I saw this amusing article on metafilter yesterday. The basic idea is that a four-person family making 250K/year is, depending on where they live, just barely getting by because of tax burden.
A budget is provided, and it’s reliably absurd. When I last looked at the metafilter comments, however, I don’t know if anyone recognized what the actual rhetorical target of this piece was. To me, it seems clear that the profligate amounts being invested by this family in their 401K and college savings accounts (presumably also investment interests) are designed to make the (almost certainly poorer) readers of the article not just outraged by imaginary tax raises but anxious that they are not putting enough of their money into investments.
I read Denis Johnson’s Shoppers tonight, a collection of two related plays that were written and performed in the early aughts. The first, Hellhound on My Trail was genuinely good on the page, though I wonder at how well it would translate to the stage in every particular. The other play, Shoppers Carried by An Escalator into the Flames, gave every indication of being written without revision of any type, and I can’t imagine how it could have been performed, though the introductory material claims that it was.
Paul Laity on Lee Clarke’s Worst Cases and John Christensen on Raymond Baker’s Capitalism’s Achilles Heel: Dirty Money and How to Renew the Free-Market System.
I’m curious if there has been a sustained fictional treatment of a culture/civilization steadily planning for a highly improbable total disaster scenario chosen randomly from a field of many. Posner’s Catastrophe, among others, brought this to mind.
Key graf from Christensen:
Much of the growth of the offshore economy has been driven by British lawyers and accountants.
Malcolm Gladwell has an angry article in the New Yorker about the American health care system. Like many graduate students I knew, I didn’t have health insurance in graduate school because it wasn’t provided or subvented and thus couldn’t be afforded. After severely spraining my ankle playing football, I laid off the contact sports for the rest of my stay in Florida. If, like someone on my blogroll, I had broken a wrist or arm, I would not have had to ask the doctor to put an Ace bandage on it–as in Gladwell’s account–because I could have borrowed the money from a bank or the government.
Its 5.2 billion yearly spending on health care is having a tremendous impact on its profitability, whereas only 18,000 people in the U.S. per year die because they’re uninsured.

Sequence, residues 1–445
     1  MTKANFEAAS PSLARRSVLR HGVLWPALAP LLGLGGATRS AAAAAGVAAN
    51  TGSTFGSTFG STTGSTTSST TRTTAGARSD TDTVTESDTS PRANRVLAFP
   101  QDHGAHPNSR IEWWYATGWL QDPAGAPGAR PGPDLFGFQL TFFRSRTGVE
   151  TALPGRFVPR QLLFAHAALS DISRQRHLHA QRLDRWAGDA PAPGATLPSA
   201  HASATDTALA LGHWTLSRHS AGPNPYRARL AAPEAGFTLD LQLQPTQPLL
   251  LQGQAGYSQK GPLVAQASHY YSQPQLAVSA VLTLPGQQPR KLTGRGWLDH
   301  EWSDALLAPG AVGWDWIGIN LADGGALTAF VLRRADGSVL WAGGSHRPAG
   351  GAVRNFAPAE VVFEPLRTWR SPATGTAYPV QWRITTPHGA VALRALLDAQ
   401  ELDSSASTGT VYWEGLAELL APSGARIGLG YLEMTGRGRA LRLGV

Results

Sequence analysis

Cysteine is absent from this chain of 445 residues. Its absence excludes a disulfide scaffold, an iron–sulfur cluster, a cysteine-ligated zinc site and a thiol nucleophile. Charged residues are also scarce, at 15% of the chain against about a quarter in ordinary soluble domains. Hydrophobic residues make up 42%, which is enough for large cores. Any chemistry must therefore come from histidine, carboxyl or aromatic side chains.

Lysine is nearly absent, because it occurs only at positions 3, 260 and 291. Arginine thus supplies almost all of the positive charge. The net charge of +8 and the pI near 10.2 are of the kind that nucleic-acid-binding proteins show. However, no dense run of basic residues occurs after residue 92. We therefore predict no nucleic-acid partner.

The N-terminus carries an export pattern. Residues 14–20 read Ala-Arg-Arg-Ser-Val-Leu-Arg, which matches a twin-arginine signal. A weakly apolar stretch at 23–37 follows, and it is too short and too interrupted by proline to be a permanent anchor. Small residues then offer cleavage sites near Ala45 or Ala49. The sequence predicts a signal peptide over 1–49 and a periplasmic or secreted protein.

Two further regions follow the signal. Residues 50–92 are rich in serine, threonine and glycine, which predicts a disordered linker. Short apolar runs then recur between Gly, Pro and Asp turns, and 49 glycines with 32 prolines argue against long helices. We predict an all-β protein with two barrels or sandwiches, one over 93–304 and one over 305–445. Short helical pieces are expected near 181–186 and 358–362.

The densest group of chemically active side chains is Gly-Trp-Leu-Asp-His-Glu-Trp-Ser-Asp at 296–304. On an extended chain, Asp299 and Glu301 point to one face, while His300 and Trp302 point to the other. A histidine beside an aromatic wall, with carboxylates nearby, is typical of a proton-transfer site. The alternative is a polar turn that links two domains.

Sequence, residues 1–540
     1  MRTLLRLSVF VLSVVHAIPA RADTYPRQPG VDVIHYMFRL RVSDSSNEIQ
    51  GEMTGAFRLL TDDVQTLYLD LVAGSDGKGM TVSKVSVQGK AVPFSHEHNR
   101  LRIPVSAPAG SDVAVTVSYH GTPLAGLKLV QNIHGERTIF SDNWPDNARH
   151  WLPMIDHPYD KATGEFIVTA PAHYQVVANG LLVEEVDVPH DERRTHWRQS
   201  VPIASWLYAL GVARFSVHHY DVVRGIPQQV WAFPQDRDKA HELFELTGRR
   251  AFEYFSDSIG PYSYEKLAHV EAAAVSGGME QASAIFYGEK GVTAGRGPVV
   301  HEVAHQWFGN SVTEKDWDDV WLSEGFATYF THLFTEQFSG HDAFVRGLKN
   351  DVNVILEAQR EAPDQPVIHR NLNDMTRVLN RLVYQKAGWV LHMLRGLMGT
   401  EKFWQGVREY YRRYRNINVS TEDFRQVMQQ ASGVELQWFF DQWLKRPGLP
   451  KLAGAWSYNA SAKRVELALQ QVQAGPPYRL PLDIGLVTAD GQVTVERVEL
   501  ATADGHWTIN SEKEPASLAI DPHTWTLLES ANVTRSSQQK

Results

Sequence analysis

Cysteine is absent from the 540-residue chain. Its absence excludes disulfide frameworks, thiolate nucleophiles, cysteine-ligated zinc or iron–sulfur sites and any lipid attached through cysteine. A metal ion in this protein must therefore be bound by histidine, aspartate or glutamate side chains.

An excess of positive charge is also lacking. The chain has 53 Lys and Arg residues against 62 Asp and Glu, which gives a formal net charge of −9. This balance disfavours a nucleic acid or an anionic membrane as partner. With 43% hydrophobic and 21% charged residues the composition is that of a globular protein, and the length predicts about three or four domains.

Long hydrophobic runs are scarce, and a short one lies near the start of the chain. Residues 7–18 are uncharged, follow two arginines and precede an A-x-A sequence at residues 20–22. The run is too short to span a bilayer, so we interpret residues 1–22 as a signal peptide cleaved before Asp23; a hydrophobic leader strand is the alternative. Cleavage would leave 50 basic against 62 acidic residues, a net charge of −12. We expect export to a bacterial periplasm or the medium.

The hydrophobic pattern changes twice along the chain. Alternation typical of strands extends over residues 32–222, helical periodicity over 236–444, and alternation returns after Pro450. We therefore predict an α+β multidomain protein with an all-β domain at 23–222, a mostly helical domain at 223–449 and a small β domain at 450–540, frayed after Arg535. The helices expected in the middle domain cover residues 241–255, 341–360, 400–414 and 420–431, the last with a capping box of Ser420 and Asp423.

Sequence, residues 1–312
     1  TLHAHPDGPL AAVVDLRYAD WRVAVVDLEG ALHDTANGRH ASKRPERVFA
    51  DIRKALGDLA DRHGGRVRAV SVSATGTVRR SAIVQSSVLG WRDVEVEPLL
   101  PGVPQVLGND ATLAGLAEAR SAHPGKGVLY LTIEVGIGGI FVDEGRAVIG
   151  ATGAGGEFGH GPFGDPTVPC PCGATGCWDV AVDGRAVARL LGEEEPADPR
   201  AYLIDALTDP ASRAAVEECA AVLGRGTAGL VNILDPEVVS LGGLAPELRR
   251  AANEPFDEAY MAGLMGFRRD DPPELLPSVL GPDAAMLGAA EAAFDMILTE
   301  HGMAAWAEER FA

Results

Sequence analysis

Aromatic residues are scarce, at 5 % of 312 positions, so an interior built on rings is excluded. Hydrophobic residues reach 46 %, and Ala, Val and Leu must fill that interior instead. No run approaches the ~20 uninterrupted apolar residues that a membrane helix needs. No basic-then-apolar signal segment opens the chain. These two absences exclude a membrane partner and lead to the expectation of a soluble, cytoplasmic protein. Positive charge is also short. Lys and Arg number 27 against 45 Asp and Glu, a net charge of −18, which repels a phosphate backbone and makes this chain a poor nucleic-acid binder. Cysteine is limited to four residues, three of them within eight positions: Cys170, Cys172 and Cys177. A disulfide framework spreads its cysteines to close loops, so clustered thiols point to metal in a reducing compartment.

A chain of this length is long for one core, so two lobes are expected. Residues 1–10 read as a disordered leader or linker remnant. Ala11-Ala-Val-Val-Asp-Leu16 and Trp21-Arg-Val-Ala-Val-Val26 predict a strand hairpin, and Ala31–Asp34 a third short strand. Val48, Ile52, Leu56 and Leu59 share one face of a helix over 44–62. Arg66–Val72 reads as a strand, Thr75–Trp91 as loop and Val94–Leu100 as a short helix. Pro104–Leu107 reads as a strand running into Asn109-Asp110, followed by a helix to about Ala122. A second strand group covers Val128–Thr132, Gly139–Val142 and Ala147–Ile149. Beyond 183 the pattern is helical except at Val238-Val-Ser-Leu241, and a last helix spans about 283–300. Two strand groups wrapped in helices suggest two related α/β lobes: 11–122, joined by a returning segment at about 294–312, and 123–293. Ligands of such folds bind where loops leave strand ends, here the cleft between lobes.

GM employs 324,000 people (not all Americans, but let’s not get bogged down in details). If it dropped all of its insurance, approximately 20 of its employees would then die in the next year (since they’ve previously had health care, this wouldn’t quite be as likely, but the stress of losing it would compensate).
“All the work Pinochet did is intact,” said Christian Labbe, a former army colonel and one of Pinochet’s closest advisers. “Nobody is fighting to change the free market that we built, not even the Socialists. We need to give credit to the person who made all of this.”
From the Post.
I watched CSPAN either last night or the night before (flu has left me in a timeless esplumeoir), and there was a panel from Davos on the Russian economy.
A short review of Richard Parker’s biography of Galbraith contains the following:
If that interpretation construes the facts in a light favorable to Galbraith, Parker is consistently so inclined. Yes, he concedes, many economists consider Galbraith not really one of their own in a discipline that extolls mathematical models and aspires to the scientific rigor of physics. For example, Parker quotes MIT’s Robert Solow, who terms Galbraith “fundamentally a moralist.
Is there any doubt that the best moment of Skidelsky’s Politicians and the Slump is the caption to the photograph of Baldwin looking particularly sententious between pp. 82-83 that reads “Mr. Baldwin has invented the formidable argument that you must not do anything because it will mean that you will not be able to do anything else?”
Libby Mayor Tony Berget said he even took a piece of the mine’s asbestos-contaminated vermiculite with him on a high school wrestling trip to Europe, delighting his companions when he set fire to it and caused a loud “pop.”
“It is easier to explain what is meant by economic nationalism in German than English.” Gregory, T.E. “Economic Nationalism.” International Affairs (Royal Institute of International Affairs 1931-1939) 10. 3 (May 1931): 289.
Also, on a different but still fascinating topic, note “the argument that you have to keep agriculture going as a type of economic production which requires a vigorous manhood, since you also require a vigorous type of manhood in war” (294).
I read with considerable pleasure James Surowecki’s essay on corporate welfare in this week’s New Yorker. His final paragraph, which refers to interburghal competition for corporate largesse as a Prisoner’s Dilemma, reminded me of how interested I am in the theological implications of that glum bit of game theory.
The Moretti and Greenstone piece he cites is available here. How hard would it be for publications such as the NY’er to add such links in their on-line editions?